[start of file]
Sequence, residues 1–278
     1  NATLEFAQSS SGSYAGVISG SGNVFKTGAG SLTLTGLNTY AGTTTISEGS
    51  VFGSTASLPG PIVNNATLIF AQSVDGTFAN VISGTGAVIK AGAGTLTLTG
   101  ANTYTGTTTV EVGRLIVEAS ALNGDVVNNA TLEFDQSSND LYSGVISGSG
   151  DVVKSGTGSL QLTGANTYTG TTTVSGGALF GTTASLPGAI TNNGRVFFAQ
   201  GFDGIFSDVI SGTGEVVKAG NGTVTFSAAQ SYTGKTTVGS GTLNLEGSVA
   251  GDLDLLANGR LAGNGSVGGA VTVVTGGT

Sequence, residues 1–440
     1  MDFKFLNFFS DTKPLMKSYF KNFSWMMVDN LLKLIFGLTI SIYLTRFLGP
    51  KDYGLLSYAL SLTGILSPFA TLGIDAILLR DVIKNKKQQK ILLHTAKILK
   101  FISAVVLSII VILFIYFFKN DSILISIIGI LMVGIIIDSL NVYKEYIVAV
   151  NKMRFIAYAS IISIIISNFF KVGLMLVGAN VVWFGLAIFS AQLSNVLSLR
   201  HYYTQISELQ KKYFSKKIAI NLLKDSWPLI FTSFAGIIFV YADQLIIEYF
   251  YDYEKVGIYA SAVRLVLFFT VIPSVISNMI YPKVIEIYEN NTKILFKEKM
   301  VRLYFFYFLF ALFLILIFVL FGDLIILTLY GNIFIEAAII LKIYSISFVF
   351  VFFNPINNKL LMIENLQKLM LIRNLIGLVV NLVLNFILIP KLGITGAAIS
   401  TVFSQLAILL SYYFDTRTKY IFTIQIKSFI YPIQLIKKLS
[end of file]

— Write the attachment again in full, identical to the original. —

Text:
Sequence, residues 1–278
     1  NATLEFAQSS SGSYAGVISG SGNVFKTGAG SLTLTGLNTY AGTTTISEGS
    51  VFGSTASLPG PIVNNATLIF AQSVDGTFAN VISGTGAVIK AGAGTLTLTG
   101  ANTYTGTTTV EVGRLIVEAS ALNGDVVNNA TLEFDQSSND LYSGVISGSG
   151  DVVKSGTGSL QLTGANTYTG TTTVSGGALF GTTASLPGAI TNNGRVFFAQ
   201  GFDGIFSDVI SGTGEVVKAG NGTVTFSAAQ SYTGKTTVGS GTLNLEGSVA
   251  GDLDLLANGR LAGNGSVGGA VTVVTGGT

Sequence, residues 1–440
     1  MDFKFLNFFS DTKPLMKSYF KNFSWMMVDN LLKLIFGLTI SIYLTRFLGP
    51  KDYGLLSYAL SLTGILSPFA TLGIDAILLR DVIKNKKQQK ILLHTAKILK
   101  FISAVVLSII VILFIYFFKN DSILISIIGI LMVGIIIDSL NVYKEYIVAV
   151  NKMRFIAYAS IISIIISNFF KVGLMLVGAN VVWFGLAIFS AQLSNVLSLR
   201  HYYTQISELQ KKYFSKKIAI NLLKDSWPLI FTSFAGIIFV YADQLIIEYF
   251  YDYEKVGIYA SAVRLVLFFT VIPSVISNMI YPKVIEIYEN NTKILFKEKM
   301  VRLYFFYFLF ALFLILIFVL FGDLIILTLY GNIFIEAAII LKIYSISFVF
   351  VFFNPINNKL LMIENLQKLM LIRNLIGLVV NLVLNFILIP KLGITGAAIS
   401  TVFSQLAILL SYYFDTRTKY IFTIQIKSFI YPIQLIKKLS